Category Archives: Beetle Restoration
Ever since I got the radio installed in the Beetle, there was this vibration coming from the speaker grill any time the volume was turned up. Took out the grill today and determined that the vibration sound was the wire mesh that sits between the speaker grill and the speaker. At some point in Mabel’s life, some body had installed a piece of vinyl between the speaker grill and the opening for the speaker to keep air from coming through, so I removed that and secured the wire mesh with double sided tape…no more vibration and with the vinyl removed, it sounds so much better.
The OG arm rests / handles that I ordered for Mabel came in the mail yesterday, so I got them installed this evening. Now we can shut the doors without rolling down the windows. Had been looking for originals at a decent price for a couple of months and finally came across a set the other day on TheSamba.com. Thanks to Ralph Hopper (user TSVW) for a great deal and extremely fast shipping.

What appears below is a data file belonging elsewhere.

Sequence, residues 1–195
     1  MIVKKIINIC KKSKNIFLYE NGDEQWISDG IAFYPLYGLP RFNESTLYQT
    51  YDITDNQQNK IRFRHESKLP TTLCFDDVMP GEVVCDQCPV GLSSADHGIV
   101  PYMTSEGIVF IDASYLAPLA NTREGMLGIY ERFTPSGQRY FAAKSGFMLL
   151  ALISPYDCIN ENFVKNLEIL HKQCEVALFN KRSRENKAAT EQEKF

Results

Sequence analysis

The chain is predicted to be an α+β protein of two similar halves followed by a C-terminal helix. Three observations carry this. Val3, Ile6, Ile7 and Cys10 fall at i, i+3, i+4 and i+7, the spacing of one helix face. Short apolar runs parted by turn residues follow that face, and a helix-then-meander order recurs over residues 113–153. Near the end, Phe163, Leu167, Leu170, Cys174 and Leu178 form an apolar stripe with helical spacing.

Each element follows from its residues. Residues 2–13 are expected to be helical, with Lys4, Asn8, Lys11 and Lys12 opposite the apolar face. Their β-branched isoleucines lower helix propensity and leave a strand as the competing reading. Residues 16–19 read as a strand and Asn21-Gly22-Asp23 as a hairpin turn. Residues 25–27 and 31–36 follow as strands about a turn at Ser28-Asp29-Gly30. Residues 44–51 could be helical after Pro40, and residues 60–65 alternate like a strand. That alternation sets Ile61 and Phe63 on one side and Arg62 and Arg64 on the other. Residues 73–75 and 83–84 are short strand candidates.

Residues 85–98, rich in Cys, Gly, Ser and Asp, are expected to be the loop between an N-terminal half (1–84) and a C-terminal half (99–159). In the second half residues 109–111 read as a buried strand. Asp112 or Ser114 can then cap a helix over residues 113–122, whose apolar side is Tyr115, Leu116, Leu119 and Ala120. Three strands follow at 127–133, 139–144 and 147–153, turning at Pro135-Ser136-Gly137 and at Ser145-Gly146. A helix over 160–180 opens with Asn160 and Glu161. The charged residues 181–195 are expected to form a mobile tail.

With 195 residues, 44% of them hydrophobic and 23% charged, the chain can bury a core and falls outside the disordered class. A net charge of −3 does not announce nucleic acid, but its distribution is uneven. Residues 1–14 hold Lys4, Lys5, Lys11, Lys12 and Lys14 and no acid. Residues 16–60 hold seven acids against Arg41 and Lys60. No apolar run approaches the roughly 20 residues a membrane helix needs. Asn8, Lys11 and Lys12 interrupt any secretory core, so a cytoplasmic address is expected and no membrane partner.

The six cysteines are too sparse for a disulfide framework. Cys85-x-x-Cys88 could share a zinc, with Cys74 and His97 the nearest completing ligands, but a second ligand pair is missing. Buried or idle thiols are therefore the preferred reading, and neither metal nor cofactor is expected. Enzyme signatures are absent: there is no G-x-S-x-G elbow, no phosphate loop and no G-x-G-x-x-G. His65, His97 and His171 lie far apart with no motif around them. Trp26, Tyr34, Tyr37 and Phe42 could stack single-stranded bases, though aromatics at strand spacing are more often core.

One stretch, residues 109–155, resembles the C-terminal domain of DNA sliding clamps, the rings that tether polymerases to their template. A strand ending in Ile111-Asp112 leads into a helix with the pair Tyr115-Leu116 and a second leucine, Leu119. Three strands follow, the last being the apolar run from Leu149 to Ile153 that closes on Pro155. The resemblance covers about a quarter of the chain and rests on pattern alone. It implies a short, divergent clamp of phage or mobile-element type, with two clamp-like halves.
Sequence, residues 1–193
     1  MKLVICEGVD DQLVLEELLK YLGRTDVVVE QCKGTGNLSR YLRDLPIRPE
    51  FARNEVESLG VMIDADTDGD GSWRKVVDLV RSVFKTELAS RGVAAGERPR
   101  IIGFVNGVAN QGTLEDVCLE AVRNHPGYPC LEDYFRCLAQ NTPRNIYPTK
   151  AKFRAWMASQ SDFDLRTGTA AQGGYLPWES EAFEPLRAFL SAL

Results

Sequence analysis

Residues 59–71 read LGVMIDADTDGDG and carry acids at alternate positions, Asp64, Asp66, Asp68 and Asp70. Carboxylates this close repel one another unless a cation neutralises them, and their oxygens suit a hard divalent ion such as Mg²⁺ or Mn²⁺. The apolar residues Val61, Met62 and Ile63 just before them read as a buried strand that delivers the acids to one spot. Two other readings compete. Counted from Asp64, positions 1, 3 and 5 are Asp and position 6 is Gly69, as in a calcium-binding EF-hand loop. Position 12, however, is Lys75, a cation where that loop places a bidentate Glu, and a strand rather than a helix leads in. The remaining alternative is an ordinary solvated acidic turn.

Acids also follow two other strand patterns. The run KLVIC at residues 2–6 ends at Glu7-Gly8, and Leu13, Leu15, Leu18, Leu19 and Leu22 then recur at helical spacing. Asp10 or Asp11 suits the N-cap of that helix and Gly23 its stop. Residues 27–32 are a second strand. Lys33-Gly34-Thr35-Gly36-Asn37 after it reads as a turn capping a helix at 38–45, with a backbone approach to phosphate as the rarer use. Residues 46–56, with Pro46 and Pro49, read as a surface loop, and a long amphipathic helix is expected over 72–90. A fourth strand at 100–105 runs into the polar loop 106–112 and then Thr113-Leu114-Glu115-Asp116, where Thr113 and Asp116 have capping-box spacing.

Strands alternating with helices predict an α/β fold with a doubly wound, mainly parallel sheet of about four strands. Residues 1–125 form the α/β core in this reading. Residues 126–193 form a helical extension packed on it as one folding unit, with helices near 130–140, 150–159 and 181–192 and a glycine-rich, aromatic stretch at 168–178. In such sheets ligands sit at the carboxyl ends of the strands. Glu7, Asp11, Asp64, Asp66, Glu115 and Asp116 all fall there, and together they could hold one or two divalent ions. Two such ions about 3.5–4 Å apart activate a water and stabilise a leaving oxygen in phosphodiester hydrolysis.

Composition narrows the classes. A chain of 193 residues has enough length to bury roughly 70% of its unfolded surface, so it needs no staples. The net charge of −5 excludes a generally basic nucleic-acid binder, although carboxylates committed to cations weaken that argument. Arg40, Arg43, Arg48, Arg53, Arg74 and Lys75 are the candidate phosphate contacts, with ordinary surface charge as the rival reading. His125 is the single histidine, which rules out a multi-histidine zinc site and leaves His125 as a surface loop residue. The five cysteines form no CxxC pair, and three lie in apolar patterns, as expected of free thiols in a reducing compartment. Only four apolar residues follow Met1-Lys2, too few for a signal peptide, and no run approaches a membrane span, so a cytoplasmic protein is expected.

The previous owner of Mabel had about 95% of the interior restored when I bought her. One thing that has bugged me was the lack of arm rests on the door panels, my guess is that they ditched the old ones when the door panels were replaced. Have been looking for months for a good deal on OG arm rests and finally came across one the other day while searching the classified’s on TheSamba.com. Got in contact with the seller and he made me a deal that I couldn’t resist. 20 bucks for OG arm rests and mounting hardware that are in excellent condition. Couldn’t pass up the deal, hopefully they’ll be here in a few days. Now I just have to get the door panels off without screwing them up.
Finished installing the vintage radio into the Beetle this evening. Had to remove the air intake to install the back support for the radio. Installed the speaker and buttoned everything up. Very pleased with the end result, wouldn’t hesitate to do it again.